RVing is one of the most intriguing lifestyle choices you can consider. It appeals to travel buffs because it is the equivalent of a home on wheels that can take them to any destination they want to explore. It has financial advantages, too: When done right, living in an RV is often cheaper than renting an apartment or paying a house mortgage.
Full-time RVers can avoid the cold of the winter to camp in sunny areas to avoid the inherent costs of winterizing the RV. Maintenance costs occur throughout the year; then, there are fuel costs, campground fees, insurance premiums, and the list expands depending on personal needs and travel plans.
Since the global COVID-19 pandemic began restricting travel in the United States, many people have chosen RVing as a full-time living alternative. It offers a kind of mobility few other people get to experience. Those who already live life on the road get to witness the pandemic’s impact on society in different ways. Full-time RV nomad Shari Voigt was an eyewitness to some of these occurrences:
“When we made our spring migration from Arizona to Wisconsin this year, it was surreal. Rest areas closed, playgrounds taped off, totally contactless check-in at RV parks, but the strangest thing was passing by Gallup, New Mexico. They meant business when they said the city was closed. All entrances into the city were barricaded, with plenty of police and flashing lights,” she wrote in an email.
She went on to describe how social RVers usually are, and how strangers stop to engage in cheerful conversations like old friends.
“But since COVID-19, we are all keeping to ourselves for the most part,” she noted.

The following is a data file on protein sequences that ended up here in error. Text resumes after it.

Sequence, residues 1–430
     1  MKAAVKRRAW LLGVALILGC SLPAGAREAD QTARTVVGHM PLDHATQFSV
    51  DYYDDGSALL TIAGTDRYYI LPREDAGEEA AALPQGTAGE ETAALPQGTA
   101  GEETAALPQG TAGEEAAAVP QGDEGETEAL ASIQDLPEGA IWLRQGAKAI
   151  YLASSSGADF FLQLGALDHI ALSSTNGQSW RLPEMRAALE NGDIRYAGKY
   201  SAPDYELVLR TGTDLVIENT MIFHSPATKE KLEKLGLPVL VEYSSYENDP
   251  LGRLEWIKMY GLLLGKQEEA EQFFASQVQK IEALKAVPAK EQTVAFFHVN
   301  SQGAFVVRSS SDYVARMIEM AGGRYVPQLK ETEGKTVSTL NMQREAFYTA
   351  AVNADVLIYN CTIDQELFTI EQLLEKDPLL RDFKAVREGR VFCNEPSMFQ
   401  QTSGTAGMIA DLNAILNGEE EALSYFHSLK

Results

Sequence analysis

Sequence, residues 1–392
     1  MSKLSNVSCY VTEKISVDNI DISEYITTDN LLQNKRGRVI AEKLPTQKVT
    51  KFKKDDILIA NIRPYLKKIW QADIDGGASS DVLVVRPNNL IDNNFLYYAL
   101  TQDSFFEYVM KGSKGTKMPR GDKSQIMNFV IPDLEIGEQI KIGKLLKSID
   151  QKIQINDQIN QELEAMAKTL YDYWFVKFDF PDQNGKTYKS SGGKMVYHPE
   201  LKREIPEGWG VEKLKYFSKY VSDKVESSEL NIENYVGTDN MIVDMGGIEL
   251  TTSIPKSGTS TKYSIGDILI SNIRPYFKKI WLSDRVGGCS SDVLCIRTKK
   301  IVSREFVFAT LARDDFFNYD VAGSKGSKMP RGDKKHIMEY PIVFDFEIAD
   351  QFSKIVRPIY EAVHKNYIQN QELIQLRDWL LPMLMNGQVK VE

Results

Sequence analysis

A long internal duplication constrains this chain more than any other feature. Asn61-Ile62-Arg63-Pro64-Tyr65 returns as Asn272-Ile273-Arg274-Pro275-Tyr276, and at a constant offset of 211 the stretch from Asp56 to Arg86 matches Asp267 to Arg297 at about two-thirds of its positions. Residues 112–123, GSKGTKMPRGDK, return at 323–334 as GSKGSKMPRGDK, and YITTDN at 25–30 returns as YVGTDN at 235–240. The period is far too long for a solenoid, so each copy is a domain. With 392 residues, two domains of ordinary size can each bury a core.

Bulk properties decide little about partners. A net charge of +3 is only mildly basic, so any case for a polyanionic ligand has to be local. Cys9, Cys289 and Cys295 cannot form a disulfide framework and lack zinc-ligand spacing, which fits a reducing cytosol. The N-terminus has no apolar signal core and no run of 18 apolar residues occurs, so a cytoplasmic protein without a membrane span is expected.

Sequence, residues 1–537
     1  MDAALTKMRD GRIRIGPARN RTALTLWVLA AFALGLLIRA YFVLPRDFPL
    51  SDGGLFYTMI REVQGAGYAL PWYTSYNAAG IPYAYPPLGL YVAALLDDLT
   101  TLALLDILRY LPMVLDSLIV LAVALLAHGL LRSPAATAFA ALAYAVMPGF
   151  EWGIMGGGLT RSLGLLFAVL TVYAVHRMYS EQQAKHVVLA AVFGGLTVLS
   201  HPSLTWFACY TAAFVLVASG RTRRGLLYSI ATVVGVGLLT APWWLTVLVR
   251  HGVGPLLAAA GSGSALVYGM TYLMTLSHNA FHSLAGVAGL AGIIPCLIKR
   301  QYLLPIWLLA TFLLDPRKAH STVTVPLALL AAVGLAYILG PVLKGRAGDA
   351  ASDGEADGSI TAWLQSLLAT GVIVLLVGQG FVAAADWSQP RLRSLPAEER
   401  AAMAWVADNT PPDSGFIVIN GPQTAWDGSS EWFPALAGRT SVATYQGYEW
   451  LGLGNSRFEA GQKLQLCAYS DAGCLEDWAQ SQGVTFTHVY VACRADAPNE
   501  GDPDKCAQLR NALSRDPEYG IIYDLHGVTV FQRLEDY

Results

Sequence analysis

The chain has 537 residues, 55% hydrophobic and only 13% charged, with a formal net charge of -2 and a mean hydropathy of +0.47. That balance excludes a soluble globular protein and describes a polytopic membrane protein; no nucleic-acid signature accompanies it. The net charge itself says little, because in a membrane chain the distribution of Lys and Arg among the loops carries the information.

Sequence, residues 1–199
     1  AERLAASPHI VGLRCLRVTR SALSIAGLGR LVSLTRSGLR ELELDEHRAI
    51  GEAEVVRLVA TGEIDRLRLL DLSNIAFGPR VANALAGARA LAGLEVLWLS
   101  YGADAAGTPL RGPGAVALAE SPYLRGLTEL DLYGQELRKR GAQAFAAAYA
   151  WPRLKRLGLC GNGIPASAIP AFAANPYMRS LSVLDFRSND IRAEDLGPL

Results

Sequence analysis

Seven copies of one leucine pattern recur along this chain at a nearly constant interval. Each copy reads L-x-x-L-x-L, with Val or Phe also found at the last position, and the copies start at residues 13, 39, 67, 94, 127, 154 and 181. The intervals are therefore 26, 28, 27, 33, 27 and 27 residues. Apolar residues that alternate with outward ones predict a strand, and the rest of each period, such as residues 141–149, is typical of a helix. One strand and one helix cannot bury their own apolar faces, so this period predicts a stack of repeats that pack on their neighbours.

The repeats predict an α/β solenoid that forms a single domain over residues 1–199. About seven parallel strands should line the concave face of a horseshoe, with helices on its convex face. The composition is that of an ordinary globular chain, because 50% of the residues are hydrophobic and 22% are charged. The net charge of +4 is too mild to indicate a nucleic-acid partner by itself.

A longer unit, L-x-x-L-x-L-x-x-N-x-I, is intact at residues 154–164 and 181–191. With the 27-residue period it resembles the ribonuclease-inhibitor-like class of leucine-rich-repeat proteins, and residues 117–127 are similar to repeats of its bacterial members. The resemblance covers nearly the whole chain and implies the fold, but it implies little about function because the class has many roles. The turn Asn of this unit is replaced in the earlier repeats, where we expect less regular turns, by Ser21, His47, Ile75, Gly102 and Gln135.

Shari and her husband Gerald rushed back home to Wisconsin last spring to reunite with their family.
“We took the shortest route from Arizona to Wisconsin and made a mad dash across the country this spring. It is not a fun way to travel, but we were anxious to reunite with our family, and because of COVID-19, our options along the way were limited,” she wrote.
Later in the fall, the couple chose a trip to the Badlands and the Black Hills of South Dakota. Here, the mighty outdoors offers plenty to do and see: abundant wildlife and beguiling scenery, best explored on a Jeep drive on the backroads.
This past October, Shari and Gerald’s plans to head to Wyoming and Utah changed because of the fire season that polluted the air. They traveled south instead: “We went south through Colorado, spending almost a week in Colorado Springs, then a one night stop in Santa Fe, another stop in Deming, New Mexico, before arriving in the tiny town of Benson in southeastern Arizona. Since then, we’ve bounced from park to park and are currently in Cottonwood, Arizona, near Sedona. A few times each week, we take a different forest service road into the mountains, and we’re having a blast exploring by Jeep. Other than that, we’re playing it by ear, with no real concrete plans for the winter other than trying to strike a balance between working and exploring new places.”
New places enrich the soul with startling wonders when you know where and how to look at nature, people, and their communities. While COVID-19 may have crippled the freedom to travel for many of us, RVers can still explore the road and see the world. Some campgrounds may be closed to stop the spread of the virus, but RVers can choose dispersed camping on federal public lands, also known as “boondocking,” or camping outside designated campgrounds. For those with a sense of adventure, these sites often open new horizons of exploration, but finding them requires skill in research and planning. Boondocking also means no access to facilities such as toilets and showers—this is pretty much the cheapest and wildest way to camp with an RV.